The Ninth Life of Louis Drax
In The Ninth Life of Louis Drax, author Liz Jensen imagines two worlds: the world of the mind and the world of external events. Her novel challenges the reader to reconcile the one with the other by throwing them into a mystery whose solution seems to elude the closest of readers.
The story in Jensen’s novel is told by two separate voices. One voice belongs to a nine-year-old French lad named Louis Drax, who seems prone to strange but non-lethal accidents. Drax is a precociously bright, insightful, and puzzling boy who narrates his inner and outer lives with lively language. Drax’s parents are caught in an unraveling marriage, and like many a child, Drax fears that he is the cause of that distress. When the family motors out to the French countryside for a picnic meant to celebrate Louis’s ninth birthday, the central mystery of the novel ensues: both Louis and his father tumble over a cliff’s edge. The father disappears in the river below, while Louis survives but lapses into a coma.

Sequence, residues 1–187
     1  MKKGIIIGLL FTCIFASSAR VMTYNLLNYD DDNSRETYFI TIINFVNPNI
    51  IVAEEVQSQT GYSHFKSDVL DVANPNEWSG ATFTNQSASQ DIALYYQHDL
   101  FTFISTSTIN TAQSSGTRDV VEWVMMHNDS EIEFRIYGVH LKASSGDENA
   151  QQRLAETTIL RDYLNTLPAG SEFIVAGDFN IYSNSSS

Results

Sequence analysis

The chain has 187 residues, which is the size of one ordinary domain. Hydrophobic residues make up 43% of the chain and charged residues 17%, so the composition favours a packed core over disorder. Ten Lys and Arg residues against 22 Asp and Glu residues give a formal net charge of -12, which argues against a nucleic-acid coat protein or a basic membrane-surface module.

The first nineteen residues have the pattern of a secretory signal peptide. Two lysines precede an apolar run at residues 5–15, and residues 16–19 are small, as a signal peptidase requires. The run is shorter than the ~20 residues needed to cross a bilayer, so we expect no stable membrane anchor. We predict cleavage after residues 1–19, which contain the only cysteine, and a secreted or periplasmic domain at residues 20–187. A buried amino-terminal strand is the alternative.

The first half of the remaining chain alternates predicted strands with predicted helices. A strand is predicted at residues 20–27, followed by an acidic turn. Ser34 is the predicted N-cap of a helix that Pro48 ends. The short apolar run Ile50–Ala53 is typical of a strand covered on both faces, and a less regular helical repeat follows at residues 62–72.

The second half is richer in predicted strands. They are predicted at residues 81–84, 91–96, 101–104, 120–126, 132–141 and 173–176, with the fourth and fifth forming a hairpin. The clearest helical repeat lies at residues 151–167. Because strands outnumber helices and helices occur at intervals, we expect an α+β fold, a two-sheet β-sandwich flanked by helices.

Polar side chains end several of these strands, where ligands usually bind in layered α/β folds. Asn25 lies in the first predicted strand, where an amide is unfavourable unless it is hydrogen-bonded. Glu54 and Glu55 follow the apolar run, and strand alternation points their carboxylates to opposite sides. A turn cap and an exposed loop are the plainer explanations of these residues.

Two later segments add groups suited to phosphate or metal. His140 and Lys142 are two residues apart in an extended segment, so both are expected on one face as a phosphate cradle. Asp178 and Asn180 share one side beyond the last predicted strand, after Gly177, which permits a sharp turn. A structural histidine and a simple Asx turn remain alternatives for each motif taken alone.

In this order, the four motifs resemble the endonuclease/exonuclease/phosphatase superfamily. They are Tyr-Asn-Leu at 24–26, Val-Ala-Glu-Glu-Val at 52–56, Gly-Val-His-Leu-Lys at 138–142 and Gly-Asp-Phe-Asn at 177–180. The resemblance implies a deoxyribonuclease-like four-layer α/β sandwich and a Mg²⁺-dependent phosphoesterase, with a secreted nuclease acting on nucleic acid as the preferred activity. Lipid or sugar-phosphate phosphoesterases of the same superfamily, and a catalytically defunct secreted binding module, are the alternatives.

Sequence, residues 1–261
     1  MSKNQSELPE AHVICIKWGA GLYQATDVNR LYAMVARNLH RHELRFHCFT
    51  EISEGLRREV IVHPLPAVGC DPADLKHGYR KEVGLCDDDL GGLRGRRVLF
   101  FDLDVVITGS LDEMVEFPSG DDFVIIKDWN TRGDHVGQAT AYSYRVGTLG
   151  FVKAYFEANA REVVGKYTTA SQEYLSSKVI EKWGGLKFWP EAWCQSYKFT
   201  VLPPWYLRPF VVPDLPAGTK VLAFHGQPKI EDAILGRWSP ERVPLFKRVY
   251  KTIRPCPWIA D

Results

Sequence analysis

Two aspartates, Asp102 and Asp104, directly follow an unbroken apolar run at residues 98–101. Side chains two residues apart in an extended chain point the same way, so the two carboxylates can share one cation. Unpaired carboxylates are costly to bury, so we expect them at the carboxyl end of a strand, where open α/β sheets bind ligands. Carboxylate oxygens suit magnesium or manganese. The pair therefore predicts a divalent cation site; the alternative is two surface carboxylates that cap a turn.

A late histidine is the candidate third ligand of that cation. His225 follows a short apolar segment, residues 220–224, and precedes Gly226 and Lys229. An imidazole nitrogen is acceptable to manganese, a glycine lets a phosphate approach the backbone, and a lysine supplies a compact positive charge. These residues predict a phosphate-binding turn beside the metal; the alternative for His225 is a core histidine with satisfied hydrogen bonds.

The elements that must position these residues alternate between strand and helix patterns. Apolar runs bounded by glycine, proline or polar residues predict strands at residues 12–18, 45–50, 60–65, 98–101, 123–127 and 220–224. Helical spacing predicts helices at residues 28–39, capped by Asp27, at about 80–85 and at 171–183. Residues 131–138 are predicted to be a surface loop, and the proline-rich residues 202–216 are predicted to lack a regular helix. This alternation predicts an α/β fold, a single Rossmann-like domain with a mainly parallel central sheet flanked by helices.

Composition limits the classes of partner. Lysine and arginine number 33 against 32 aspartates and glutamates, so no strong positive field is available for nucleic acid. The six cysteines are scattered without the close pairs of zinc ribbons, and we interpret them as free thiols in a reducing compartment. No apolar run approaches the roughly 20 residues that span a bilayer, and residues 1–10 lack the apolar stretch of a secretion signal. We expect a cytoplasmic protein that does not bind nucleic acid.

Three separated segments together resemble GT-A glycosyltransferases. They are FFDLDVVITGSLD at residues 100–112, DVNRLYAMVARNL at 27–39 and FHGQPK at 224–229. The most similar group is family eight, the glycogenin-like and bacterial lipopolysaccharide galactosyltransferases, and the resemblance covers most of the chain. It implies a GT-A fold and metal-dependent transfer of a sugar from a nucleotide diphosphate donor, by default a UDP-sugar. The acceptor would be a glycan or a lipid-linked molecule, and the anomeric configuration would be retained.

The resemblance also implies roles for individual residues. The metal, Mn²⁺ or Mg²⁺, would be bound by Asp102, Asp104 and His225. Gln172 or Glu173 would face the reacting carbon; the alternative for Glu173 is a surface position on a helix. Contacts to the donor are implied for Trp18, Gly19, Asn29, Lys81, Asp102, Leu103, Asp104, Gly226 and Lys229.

Here enters the novel’s second voice: that of Dr. Dannachet, a controversial specialist in comas, particularly in deciphering what happens in that inner world of the coma victim. Dannachet works to understand Louis’s condition by studying the fabric of his life. In the process, he also becomes emotionally involved with Louis’s mother, who is a mentally fragile and problematic woman. The doctor’s own personal life is not in all that good of shape before Louis appears, and matters do not improve after the doctor takes on the job of Louis’s care.
In the end, Louis seems to defy the medical logic of comas. At one point, he even lapses into death, but returns to the world of the living in a kind of miraculous physical move. The mystery gradually is solved, but not without certain personal costs being paid by the characters involved.
Along the way, Liz Jensen explores the problems of perception: of the ways in which children perceive the adult world around them, of the ways in which adults perceive the workings of the youthful mind. Indeed, quite frequently the process is one of misperception and misinterpretation. In The Ninth Life of Louis Drax, Jensen engages readers in the delicious task of distinguishing what is and what might be.